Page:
Like most students entering their senior year, Dorchester’s Sabrin Warsame, a student at the John D. O’Bryant School of Mathematics and Science in Roxbury, is contemplating her post-secondary future.
“I’m still trying to understand what I want to do, but I know I do want to go into medicine and healthcare,” she said, possibly as a nurse or a biochemist.
Warsame was one of six O’Bryant students selected for the Summer Biomedical Research Internship at the Chobanian & Avedisian School of Medicine, a new six-week program implemented by the department of medical sciences & education with funding from the Burroughs Wellcome Fund. Another 24 students from the Boston Public Schools (BPS) are enrolled in the two-week Med-Science Program (MSP) with support from Boston-based Vertex Pharmaceuticals. The goal of high school outreach programs is to introduce underrepresented youth from Boston and other communities to post-secondary STEM-M (Science, Technology, Engineering, Mathematics and Medicine) with the overall mission of diversifying the biomedical research and healthcare workforce.
“I can tell you that getting a degree in science is one of the best ways to stay employed going forward,” School of Medicine Dean and Medical Campus Provost Karen Antman, MD, told the high school students at a July 10 welcoming reception. Taking care of patients or doing the research that leads to better care are growth industries, she said.
Burroughs Wellcome originally approached the school with the idea of creating a pipeline program for biomedical research for students considered as underrepresented in medicine (URM). Biomedical research doesn’t have the high visibility of other medical professions, like physicians, especially among students who, like Warsame, will be the first in their family to attend college.
“One of the reasons there are very few URM students in biomedical research is that very few know about it,” said Hee-Young Park, PhD, professor and chair of medical sciences & education and associate dean for faculty affairs at the school. “We want to reach out to younger students so that they begin to appreciate, begin to identify themselves as physicians, biomedical researchers, physician assistants or genetic counselors.”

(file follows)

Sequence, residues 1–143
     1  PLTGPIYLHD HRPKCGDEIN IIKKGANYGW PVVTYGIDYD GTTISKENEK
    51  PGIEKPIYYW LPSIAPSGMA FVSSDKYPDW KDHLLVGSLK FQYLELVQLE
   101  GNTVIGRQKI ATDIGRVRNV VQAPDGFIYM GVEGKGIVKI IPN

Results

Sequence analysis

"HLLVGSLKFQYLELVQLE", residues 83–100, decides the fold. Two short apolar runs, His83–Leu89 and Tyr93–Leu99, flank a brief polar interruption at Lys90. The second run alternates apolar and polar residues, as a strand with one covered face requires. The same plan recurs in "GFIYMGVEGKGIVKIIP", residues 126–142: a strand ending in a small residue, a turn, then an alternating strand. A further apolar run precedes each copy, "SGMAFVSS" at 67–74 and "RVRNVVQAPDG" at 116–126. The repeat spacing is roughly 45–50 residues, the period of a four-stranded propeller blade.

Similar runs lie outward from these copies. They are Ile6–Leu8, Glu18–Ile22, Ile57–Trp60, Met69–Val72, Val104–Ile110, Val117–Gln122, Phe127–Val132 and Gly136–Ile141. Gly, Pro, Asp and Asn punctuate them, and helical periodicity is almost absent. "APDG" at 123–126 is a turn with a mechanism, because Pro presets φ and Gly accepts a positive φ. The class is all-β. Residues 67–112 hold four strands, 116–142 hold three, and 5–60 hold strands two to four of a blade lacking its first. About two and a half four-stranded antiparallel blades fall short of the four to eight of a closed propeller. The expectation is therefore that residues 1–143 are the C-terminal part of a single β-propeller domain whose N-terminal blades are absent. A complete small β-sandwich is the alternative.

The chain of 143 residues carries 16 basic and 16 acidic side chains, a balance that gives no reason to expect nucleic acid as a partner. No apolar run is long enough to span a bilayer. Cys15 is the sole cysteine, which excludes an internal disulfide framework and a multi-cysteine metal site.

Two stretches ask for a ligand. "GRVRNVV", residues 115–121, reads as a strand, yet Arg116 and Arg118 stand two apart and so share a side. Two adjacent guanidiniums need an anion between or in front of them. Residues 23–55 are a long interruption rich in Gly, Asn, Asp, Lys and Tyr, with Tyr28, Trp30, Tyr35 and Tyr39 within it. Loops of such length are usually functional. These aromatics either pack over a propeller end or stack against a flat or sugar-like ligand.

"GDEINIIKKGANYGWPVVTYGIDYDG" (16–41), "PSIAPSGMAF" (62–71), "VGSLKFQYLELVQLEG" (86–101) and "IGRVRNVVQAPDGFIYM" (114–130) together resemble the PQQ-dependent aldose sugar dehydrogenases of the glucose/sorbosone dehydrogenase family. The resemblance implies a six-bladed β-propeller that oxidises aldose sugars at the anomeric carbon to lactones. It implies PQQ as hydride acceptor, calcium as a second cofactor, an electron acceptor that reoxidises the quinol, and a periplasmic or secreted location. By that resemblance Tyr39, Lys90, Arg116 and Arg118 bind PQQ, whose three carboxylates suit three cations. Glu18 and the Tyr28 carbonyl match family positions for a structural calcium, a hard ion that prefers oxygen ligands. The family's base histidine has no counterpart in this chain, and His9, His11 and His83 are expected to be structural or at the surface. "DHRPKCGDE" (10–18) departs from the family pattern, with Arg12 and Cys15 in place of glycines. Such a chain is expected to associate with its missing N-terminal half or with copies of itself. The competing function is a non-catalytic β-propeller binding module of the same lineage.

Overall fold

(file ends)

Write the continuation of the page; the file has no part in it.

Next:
Research interns are assigned according to their interests to individual labs in the department of pathology & laboratory medicine. Supervised by a faculty researcher, working alongside graduate students and postdoctoral researchers, they experience the life of a biomedical scientist while also taking classes in professional development, leadership and the college application process. They will complete an independent research project and make an oral presentation at the end of the program.
The Med-Science Program is open to all BPS students and held in-person for two weeks in the summer, with virtual programming on Saturday mornings during the school year. This summer, the sessions are led by medical and graduate students focused on genetic counseling, neuroanatomy, clinical applications of anatomy and pathophysiology, surgery, anesthesiology and sports medicine.
Aleeza Gavin, a rising O’Bryant senior from Roslindale, said the six weeks as a research intern did cut into her summer. “But I feel like this pertains more to my future than having a couple of months of fun,” she said.
Recognizing that BPS students frequently must work to help support their family, MSP students receive a $750 stipend and research interns get $450 per week. All students receive free MBTA passes.
“The students who come to us are motivated, trying to fit a job and their aspirations for the future into their summer,” said Maura Kelley, MD, an assistant professor in the department of medical sciences & education who directs the high school programs.
This hands-on approach comes at a pivotal moment in a high school student’s educational life, as they decide about college and a path that potentially leads to a career.
“I’m already intrigued by the medical field and just wanted to look at more career options, like surgery, that I feel this program (Med-Science Program) will help me look into,” said Danial Kahn of Brighton, a rising junior at the O’Bryant school.
Most BPS students must depend on their own initiative and skills to navigate the daunting college application process, said Kelley. She hopes a new pilot program to provide mentors to help these students on that vital next step.
“We are making an investment in the future,” said Park.